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Cassava diseases: ecology and control
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Cassava is an important crop in many parts of the tropics, but it plays a particularly vital role in sustaining food security in sub-Saharan Africa. Diseases are the greatest biotic constraint to cassava production worldwide. Although the diversity of cassava pathogens is greatest in Latin America, the greatest impacts have been reported from Africa. Most significantly, the dual cassava viral pandemics caused by cassava mosaic virus disease (CMD) and cassava brown streak disease (CBSD) have affected many of the major cassavaproducing countries in Africa, causing losses amounting to billions of dollars annually. Control programs have primarily focused on developing than deploying host plant resistance. Good sources of resistance are available for CMD and cassava bacterial blight (CBB), and germplasm improvement work is increasingly being strengthened through the development of molecular markers for marker-assisted breeding and transgenic approaches. Phytosanitary practices, mainly involving the selection of disease-free planting material and quarantine measures to avoid long-distance spread, have been widely used. New disease outbreaks in both Asia (CBB) and Africa (CBSD), however, highlight the need for continued vigilance in efforts to understand the ecology of cassava diseases and develop robust and sustainable management solutions.
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Permanent link to this itemhttps://hdl.handle.net/20.500.12478/1645
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Legg, J.P.; Kumar, P.L.; Kanju, E. (CABI Wallingford, 2015)Cassava 'brown streak' disease (CBSD) is an economically important constraint in important cassava-growing areas of East, Central and Southern Africa. In addition to causing a dry necrotic rot in the tuberous roots of infected plants, which can render them inedible, CBSD depresses yields through reducing plant growth. This pandemic of CBSD is driven by the high abundance of the whitefly vector, Bemisia tabaci, coupled with uncontrolled movements of infected cuttings used as planting material. This ...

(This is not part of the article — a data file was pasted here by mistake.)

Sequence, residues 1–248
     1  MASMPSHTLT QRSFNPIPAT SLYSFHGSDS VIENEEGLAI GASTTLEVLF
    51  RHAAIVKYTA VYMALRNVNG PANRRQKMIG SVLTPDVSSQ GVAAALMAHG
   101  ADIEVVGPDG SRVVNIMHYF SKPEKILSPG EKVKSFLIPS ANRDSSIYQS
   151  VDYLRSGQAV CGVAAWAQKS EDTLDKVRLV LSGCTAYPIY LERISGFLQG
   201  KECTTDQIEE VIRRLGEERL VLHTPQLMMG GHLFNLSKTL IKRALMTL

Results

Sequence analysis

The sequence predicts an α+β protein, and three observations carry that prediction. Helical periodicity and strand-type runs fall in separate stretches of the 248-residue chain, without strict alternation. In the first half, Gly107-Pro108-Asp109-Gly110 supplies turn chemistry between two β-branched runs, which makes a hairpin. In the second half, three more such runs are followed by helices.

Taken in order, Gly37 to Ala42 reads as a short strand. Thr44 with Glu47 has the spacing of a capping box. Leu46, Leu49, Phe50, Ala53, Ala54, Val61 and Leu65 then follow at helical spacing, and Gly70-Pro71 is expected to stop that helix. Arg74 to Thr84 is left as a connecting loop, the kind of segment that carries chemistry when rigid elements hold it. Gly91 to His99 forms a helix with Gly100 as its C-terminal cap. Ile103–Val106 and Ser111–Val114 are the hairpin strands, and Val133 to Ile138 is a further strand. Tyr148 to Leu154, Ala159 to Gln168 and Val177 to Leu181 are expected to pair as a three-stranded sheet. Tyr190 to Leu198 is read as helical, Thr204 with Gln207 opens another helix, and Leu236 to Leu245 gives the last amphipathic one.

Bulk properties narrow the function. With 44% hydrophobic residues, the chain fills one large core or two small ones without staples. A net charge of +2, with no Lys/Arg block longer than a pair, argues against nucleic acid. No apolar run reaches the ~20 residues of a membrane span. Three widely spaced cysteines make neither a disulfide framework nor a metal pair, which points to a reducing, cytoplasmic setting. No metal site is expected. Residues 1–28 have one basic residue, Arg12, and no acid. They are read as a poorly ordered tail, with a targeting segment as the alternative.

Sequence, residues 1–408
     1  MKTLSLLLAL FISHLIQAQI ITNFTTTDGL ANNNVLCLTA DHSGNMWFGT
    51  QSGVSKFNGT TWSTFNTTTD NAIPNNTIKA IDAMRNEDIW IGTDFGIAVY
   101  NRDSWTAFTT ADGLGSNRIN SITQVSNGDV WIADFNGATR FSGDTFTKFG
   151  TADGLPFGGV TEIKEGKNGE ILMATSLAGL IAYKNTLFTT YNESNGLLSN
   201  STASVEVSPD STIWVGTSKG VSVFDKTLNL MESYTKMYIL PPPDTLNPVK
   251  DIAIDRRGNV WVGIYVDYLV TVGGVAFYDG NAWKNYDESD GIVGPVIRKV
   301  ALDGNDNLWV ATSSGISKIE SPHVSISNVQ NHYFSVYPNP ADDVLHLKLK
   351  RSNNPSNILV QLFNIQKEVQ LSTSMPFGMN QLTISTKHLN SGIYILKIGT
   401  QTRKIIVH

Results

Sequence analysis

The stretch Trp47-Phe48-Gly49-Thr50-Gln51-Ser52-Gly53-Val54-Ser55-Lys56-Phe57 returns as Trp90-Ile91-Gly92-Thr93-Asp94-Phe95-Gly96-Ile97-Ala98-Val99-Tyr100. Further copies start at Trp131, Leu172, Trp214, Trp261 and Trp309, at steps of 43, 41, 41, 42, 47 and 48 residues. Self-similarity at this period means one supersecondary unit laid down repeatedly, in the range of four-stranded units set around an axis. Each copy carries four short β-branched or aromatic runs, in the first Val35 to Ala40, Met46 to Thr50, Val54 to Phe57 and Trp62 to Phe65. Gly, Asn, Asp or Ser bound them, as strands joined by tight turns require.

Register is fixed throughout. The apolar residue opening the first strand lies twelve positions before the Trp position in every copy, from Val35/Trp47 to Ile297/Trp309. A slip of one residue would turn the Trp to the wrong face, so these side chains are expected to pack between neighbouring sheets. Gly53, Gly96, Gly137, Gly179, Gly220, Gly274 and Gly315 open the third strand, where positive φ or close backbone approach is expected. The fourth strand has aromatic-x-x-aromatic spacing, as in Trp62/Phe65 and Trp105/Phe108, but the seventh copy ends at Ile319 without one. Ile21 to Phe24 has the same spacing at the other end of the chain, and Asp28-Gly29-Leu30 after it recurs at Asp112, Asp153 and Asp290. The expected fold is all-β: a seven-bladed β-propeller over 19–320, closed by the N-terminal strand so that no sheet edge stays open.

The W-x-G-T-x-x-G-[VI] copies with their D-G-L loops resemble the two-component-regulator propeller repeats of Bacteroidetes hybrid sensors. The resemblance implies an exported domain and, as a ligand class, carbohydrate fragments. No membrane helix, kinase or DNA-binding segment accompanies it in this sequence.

The role of the whitefly, Bemisia tabaci (Gennadius), and farmer practices in the spread of cassava brown streak ipomoviruses Maruthi, M.N.; Jeremiah, S.C.; Mohammed, I.U.; Legg, J.P. (2017)Cassava brown streak disease (CBSD) is arguably the most dangerous current threat to cassava, which is Africa's most important food security crop. CBSD is caused by two RNA viruses: Cassava brown streak virus (CBSV) and Ugandan cassava brown streak virus (UCBSV). The roles of the whitefly Bemisia tabaci (Gennadius) and farmer practices in the spread of CBSD were investigated in a set of field and laboratory experiments. The virus was acquired and transmitted by B. tabaci within a short time (5–10 ...
Tripathi, L.; Ntui, V.O.; Tripathi, J.N.; Kumar, P.L. (2021)Viral diseases are significant biotic constraints for banana (Musa spp.) production as they affect the yield and limit the international movement of germplasm. Among all the viruses known to infect banana, the banana bunchy top virus and banana streak viruses are widespread and economically damaging. The use of virus-resistant bananas is the most cost-effective option to minimize the negative impacts of viral-diseases on banana production. CRISPR/Cas-based genome editing is emerging as the most ...